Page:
Joanna Fields
Traders Magazine Online News

Navigating Cybersecurity on a Stretch of "Regulatory Rapids"

In this shared commentary, Aplomb Strategies writes that when considering a firm’s governance structure, a holistic approach makes the most sense.

Traders Poll

Would you feel better if the Chicago Stock Exchange were purchased by U.S. firm or consortium rather than a foreign one?





Doesn't matter to me


Free Site Registration

November 1, 2003

A Minimum Increment Solution

By William G. Christie

What a difference a decade makes! In the mid-1990's, there was a very public controversy over the inside spread on Nasdaq stocks. Professor Paul Schultz and I suggested in 1994 that Nasdaq market makers were maintaining spreads that were "too wide." That's because the inside spreads on the most active issues were bouncing between $0.25 and $0.50 per share. It was due to the avoidance of odd-eighth quotes. Nevertheless, legal and regulatory pressure - including the order handling rules - eventually ensured that individual and institutional investors were no longer subject to a lack of competition among market makers.

Now, about 10 years later, the pendulum has swung 180 degrees. Market participants and regulators are debating whether spreads are "too small" in a penny environment. The guiding logic in switching to pennies was that the market should determine the equilibrium inside spread for each issue based on its price, volatility, volume, degree of private information and other factors. It was a case of reducing the tick size to a penny for all stocks, and the invisible hand of the market would ensure that each issue trades at a competitive inside spread.

In retrospect, however, we were nave in expecting pennies to balance the interests of the many trading constituencies, since a penny tick size has destroyed the critical roles played by price priority and limit orders. Any investor, including market specialists, can offer meaningless price improvement, step in front of existing limit orders, and render such orders virtually worthless. An option that only provides you with downside risk -without the protection of upside potential - loses its value. Not surprisingly, the number of shares exposed in the market through limit orders has declined dramatically. This means that trades of anything other than minimum size are difficult, time consuming and expensive.

Since the Securities and Exchange Commission signaled its intention to begin a review of the appropriate tick size, logic has yet another chance to prevail. Let's frame the arguments by studying the marginal costs and benefits that accrue to investors from varying tick sizes. The current tick size of $0.01 exposes all market participants to the decay of price priority. This is a disincentive to submit limit orders of any real size. It is also a significant substitution of small investor interests above those of large institutions and mutual funds.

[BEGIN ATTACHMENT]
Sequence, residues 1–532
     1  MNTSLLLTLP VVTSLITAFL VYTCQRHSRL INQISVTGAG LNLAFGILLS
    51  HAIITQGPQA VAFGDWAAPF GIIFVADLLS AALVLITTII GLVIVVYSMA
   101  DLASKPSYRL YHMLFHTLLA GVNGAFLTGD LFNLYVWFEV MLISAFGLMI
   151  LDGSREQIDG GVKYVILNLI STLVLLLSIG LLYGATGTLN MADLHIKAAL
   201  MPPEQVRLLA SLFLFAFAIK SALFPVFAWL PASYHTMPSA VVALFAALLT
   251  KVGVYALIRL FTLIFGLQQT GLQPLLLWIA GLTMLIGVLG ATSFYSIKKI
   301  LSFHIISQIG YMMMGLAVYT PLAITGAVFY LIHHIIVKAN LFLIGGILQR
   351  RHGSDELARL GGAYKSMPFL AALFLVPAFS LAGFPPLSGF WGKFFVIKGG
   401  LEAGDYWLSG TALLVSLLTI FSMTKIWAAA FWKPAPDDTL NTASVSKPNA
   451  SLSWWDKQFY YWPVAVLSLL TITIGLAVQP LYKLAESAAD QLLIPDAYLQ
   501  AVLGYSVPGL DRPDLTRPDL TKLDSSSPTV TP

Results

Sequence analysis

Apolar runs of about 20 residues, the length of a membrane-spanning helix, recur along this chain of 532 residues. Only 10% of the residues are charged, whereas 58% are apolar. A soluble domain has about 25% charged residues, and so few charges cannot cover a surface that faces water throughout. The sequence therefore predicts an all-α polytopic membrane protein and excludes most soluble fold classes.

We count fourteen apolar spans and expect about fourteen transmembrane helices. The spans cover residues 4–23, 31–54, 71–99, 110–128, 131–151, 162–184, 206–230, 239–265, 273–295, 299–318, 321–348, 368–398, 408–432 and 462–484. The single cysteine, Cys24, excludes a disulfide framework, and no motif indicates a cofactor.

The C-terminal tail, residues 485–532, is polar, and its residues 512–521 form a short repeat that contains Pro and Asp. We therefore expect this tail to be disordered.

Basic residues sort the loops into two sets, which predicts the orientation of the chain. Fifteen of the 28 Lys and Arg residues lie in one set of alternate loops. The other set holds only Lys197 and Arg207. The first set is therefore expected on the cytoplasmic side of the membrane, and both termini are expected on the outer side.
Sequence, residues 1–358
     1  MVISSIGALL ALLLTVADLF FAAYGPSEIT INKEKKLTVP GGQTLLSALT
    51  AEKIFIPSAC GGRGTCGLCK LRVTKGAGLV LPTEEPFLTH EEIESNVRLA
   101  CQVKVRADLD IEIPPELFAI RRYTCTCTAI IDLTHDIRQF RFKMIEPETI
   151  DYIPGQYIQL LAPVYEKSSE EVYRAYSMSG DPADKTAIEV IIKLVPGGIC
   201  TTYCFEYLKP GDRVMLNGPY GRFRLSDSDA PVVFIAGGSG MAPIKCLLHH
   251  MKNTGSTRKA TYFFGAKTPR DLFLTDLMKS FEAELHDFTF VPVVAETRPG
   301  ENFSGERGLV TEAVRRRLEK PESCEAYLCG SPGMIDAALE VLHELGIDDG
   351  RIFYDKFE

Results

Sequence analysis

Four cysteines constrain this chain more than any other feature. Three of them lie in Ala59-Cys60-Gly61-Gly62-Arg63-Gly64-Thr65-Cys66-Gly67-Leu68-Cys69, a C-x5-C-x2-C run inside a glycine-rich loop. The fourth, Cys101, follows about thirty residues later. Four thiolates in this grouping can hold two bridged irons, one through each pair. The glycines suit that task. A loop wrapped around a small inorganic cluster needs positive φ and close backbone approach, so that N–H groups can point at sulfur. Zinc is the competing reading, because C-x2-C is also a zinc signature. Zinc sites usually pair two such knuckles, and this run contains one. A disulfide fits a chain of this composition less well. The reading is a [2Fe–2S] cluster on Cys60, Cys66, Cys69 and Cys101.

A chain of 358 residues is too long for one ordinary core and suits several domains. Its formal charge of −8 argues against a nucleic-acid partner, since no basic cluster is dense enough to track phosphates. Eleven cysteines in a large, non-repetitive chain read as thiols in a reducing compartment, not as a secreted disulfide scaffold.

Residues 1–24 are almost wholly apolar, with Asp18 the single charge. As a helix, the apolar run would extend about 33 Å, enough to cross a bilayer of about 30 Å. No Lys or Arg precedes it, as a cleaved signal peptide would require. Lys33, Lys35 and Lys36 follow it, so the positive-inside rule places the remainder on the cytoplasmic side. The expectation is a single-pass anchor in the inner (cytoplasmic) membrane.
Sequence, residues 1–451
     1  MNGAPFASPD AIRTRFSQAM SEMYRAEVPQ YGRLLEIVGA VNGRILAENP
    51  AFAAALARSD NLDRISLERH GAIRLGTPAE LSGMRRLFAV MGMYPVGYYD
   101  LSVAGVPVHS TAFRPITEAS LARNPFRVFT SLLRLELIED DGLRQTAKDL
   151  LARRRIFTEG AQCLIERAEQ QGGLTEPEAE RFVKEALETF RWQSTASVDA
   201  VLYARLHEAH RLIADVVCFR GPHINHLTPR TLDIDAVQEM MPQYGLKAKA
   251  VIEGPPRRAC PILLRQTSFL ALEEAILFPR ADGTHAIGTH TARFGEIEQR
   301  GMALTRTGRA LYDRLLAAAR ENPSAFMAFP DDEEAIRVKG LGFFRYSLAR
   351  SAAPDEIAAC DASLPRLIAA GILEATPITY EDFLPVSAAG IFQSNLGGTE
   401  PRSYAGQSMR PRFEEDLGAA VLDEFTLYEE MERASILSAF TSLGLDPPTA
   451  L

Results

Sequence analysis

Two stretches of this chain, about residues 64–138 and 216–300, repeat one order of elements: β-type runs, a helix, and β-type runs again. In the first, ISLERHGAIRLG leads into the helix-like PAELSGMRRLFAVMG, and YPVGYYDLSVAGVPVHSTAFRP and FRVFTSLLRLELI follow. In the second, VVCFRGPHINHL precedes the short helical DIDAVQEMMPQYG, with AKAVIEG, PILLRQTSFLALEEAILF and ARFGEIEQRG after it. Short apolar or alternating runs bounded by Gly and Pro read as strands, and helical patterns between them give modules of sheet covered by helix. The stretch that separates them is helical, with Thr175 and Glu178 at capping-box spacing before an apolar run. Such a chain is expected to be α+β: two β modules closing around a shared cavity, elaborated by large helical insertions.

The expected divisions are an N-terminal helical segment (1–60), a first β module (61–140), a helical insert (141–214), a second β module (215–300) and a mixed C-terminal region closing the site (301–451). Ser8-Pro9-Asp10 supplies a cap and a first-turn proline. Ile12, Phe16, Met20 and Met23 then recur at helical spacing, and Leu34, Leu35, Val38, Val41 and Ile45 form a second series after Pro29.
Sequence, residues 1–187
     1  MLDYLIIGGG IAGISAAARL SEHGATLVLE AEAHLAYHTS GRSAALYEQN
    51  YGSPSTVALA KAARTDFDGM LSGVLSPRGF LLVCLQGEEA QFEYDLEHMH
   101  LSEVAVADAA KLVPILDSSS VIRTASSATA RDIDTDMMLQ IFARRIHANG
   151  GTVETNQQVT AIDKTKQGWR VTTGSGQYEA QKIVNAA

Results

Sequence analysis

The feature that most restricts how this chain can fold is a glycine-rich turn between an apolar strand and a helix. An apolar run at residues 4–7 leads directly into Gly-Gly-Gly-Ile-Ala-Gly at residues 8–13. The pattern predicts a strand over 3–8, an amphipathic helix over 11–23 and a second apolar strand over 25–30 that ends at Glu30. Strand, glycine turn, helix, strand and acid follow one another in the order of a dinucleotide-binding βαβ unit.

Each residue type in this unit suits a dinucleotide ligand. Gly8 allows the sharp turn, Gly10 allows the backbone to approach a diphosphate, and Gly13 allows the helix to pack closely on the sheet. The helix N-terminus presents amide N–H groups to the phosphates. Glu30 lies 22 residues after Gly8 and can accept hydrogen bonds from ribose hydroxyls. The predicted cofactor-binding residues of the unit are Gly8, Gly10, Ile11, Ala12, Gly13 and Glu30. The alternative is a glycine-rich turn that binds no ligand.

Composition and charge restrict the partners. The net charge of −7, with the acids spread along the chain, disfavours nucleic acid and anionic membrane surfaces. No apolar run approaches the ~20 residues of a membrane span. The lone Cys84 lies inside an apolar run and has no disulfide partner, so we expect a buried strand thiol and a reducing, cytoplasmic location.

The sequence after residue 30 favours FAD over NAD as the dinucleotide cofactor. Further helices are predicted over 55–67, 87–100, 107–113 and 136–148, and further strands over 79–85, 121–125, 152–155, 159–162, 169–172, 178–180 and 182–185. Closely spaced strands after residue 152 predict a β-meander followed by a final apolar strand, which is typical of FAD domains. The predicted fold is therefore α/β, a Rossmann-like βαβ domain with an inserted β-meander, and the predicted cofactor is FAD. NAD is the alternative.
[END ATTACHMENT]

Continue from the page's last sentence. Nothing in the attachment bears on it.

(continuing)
Suppose the SEC were to advocate a tick size of $0.05. Who wins and who loses? Let's begin with the winners. Empirical evidence accumulated over the years and across markets suggests that price priority will regain its appropriate role, limit order investors will reveal greater size, and institutions/mutual funds will be able to execute larger trades at lower costs. Who loses? Opportunistic traders who add little liquidity to the markets and the smallest of retail investors who trade in the most active issues. The question then boils down to the balance between the two. My research with Jeffrey Harris (University of Delaware) and Eugene Kandel (Hebrew University) strongly suggests that the marginal benefits of moving to a $0.05 tick size clearly outweigh the marginal costs. In a nutshell, equilibrium inside spreads under $0.05 are relevant for only a handful of the most active stocks. Yet a tick size of $0.01 imposes the above mentioned costs on the entire universe of stocks.

What is a reasonable solution? Move the minimum tick size to $0.05. Such a decision will (a) have no impact on the willingness of small investors to participate in our markets, (b) return price priority to a meaningful standard of trade allocation, and (c) increase the depth exposed to the market. The downside is that the trading costs among investors in the most active issues may indeed exceed the true equilibrium by a few pennies per trade. This is a small price to pay to preserve the integrity and vitality of the entire market. It is a far cry from the spreads of yesteryear that bounced between $0.25 and $0.50 per share. Tradeoffs among constituents are unavoidable. Still, a $0.05 tick size offers a reasonable compromise that promotes liquidity, depth and true price improvement.

William G. Christie is Dean and Professor of Management, Vanderbilt University, Nashville, TN.